The democratic process was threatened by the Concerned South Africans Group (COSAG), an alliance of black ethnic-secessionist groups like Inkatha and far-right Afrikaner parties; in June 1993, one of the latter—the Afrikaner Weerstandsbeweging (AWB)—attacked the Kempton Park World Trade Centre. Following the murder of ANC activist Chris Hani, Mandela made a publicised speech to calm rioting, soon after appearing at a mass funeral in Soweto for Tambo, who had died of a stroke. In July 1993, both Mandela and de Klerk visited the US, independently meeting President Bill Clinton and each receiving the Liberty Medal. Soon after, Mandela and de Klerk were jointly awarded the Nobel Peace Prize in Norway. Influenced by Thabo Mbeki, Mandela began meeting with big business figures, and played down his support for nationalisation, fearing that he would scare away much-needed foreign investment. Although criticised by socialist ANC members, he had been encouraged to embrace private enterprise by members of the Chinese and Vietnamese Communist parties at the January 1992 World Economic Forum in Switzerland.
The newly elected National Assembly's first act was to formally elect Mandela as South Africa's first black chief executive. His inauguration took place in Pretoria on 10 May 1994, televised to a billion viewers globally. The event was attended by four thousand guests, including world leaders from a wide range of geographic and ideological backgrounds. Mandela headed a Government of National Unity dominated by the ANC—which had no experience of governing by itself—but containing representatives from the National Party and Inkatha. Under the Interim Constitution, Inkatha and the National Party were entitled to seats in the government by virtue of winning at least 20 seats. In keeping with earlier agreements, both de Klerk and Thabo Mbeki were given the position of Deputy President. Although Mbeki had not been his first choice for the job, Mandela grew to rely heavily on him throughout his presidency, allowing him to shape policy details. Moving into the presidential office at Tuynhuys in Cape Town, Mandela allowed de Klerk to retain the presidential residence in the Groote Schuur estate, instead settling into the nearby Westbrooke manor, which he renamed "Genadendal", meaning "Valley of Mercy" in Afrikaans. Retaining his Houghton home, he also had a house built in his home village of Qunu, which he visited regularly, walking around the area, meeting with locals, and judging tribal disputes.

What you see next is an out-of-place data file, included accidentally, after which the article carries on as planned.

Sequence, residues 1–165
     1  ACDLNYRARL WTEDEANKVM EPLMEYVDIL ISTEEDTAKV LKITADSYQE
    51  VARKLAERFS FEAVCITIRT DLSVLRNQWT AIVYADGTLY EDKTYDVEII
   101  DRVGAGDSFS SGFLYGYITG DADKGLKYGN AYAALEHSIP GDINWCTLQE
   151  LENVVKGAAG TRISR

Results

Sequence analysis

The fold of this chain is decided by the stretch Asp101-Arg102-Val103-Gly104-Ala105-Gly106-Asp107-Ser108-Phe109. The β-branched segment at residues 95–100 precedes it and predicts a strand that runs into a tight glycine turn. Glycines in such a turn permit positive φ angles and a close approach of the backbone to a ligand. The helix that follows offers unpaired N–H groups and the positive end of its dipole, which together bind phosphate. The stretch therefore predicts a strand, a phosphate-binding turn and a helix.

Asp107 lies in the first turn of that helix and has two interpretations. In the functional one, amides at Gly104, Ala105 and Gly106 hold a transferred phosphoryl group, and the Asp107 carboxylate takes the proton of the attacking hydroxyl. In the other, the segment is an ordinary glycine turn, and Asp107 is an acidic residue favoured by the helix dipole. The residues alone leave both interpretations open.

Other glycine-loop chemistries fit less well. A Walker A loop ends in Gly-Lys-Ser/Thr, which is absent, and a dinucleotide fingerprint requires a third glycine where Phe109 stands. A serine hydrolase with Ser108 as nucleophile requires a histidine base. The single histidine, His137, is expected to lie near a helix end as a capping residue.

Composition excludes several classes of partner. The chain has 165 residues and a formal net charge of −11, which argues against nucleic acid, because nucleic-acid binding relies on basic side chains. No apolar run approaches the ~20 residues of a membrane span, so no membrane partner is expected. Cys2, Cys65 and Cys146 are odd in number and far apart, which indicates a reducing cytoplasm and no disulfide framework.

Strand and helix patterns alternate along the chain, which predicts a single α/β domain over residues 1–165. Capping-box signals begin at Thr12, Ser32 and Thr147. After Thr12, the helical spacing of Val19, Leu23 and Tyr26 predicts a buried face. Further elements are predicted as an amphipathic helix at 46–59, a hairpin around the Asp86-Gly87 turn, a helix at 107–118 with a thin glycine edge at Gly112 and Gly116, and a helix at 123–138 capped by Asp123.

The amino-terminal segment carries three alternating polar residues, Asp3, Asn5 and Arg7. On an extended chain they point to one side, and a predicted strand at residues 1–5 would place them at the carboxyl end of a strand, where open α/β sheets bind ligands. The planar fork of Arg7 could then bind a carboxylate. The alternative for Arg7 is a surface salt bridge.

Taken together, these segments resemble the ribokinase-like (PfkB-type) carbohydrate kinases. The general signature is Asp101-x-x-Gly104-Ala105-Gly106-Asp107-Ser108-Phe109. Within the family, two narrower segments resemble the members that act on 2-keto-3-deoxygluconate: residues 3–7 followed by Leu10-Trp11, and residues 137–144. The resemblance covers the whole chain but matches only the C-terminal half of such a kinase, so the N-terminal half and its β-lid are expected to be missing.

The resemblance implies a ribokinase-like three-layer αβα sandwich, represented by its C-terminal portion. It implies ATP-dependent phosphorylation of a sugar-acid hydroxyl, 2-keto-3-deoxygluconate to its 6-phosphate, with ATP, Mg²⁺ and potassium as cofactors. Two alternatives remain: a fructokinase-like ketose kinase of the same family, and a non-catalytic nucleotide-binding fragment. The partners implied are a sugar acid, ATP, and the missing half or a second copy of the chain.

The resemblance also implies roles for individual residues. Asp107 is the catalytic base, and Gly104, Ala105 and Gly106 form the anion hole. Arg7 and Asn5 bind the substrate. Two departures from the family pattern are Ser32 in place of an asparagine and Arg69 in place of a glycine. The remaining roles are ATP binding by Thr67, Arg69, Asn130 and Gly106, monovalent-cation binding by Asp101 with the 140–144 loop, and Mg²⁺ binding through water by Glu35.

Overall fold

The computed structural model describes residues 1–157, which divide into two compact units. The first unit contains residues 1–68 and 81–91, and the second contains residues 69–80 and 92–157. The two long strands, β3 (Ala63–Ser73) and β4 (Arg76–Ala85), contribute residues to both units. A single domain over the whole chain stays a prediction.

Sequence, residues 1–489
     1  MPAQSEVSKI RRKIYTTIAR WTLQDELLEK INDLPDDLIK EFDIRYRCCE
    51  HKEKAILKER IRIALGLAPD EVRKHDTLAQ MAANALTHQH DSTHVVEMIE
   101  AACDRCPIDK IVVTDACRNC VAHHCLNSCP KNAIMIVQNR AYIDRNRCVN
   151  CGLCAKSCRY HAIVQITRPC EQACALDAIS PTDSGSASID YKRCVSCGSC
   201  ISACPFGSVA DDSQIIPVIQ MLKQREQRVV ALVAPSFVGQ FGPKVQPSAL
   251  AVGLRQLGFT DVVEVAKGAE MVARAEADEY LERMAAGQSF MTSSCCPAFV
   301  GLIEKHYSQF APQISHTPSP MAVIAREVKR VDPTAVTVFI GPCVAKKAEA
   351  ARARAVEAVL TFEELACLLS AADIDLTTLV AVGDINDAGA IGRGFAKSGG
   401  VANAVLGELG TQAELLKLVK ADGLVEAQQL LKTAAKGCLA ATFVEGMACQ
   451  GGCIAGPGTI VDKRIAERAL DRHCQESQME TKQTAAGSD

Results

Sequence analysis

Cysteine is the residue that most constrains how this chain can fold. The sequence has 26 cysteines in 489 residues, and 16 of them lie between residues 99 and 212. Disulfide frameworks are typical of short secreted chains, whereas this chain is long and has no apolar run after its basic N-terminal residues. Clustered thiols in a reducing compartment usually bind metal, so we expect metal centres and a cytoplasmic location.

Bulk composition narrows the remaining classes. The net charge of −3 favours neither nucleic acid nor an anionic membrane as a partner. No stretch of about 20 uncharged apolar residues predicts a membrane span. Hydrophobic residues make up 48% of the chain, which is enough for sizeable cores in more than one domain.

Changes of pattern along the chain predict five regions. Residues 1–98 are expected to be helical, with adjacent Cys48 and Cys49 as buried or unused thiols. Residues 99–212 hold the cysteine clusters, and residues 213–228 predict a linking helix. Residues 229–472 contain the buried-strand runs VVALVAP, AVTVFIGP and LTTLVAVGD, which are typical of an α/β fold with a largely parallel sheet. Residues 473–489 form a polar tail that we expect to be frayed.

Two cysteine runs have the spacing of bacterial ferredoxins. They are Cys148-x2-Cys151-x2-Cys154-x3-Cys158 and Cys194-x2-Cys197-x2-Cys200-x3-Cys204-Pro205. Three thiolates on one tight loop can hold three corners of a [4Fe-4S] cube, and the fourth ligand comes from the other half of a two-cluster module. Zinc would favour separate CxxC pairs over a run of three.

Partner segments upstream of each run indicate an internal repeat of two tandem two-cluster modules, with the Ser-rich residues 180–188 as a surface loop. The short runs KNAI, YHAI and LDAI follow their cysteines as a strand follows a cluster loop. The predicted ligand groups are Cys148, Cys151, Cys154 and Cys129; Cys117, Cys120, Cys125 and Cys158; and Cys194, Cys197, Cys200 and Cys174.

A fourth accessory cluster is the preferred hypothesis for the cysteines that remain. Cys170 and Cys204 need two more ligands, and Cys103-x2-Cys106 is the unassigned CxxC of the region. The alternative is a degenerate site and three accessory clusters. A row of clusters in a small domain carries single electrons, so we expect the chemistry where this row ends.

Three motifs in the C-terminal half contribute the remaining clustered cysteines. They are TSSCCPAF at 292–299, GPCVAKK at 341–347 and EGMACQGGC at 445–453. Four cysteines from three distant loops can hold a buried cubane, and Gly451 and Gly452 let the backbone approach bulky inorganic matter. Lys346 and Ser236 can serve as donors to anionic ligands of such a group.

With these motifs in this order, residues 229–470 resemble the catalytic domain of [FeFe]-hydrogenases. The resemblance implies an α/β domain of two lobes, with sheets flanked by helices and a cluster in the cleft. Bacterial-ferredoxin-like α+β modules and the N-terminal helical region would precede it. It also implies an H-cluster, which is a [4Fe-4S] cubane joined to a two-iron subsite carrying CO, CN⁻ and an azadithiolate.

In December 1994, Mandela published Long Walk to Freedom, an autobiography based around a manuscript he had written in prison, augmented by interviews conducted with American journalist Richard Stengel. In late 1994, he attended the 49th conference of the ANC in Bloemfontein, at which a more militant national executive was elected, among them Winnie Mandela; although she expressed an interest in reconciling, Nelson initiated divorce proceedings in August 1995. By 1995, he had entered into a relationship with Graça Machel, a Mozambican political activist 27 years his junior who was the widow of former president Samora Machel. They had first met in July 1990 when she was still in mourning, but their friendship grew into a partnership, with Machel accompanying him on many of his foreign visits. She turned down Mandela's first marriage proposal, wanting to retain some independence and dividing her time between Mozambique and Johannesburg.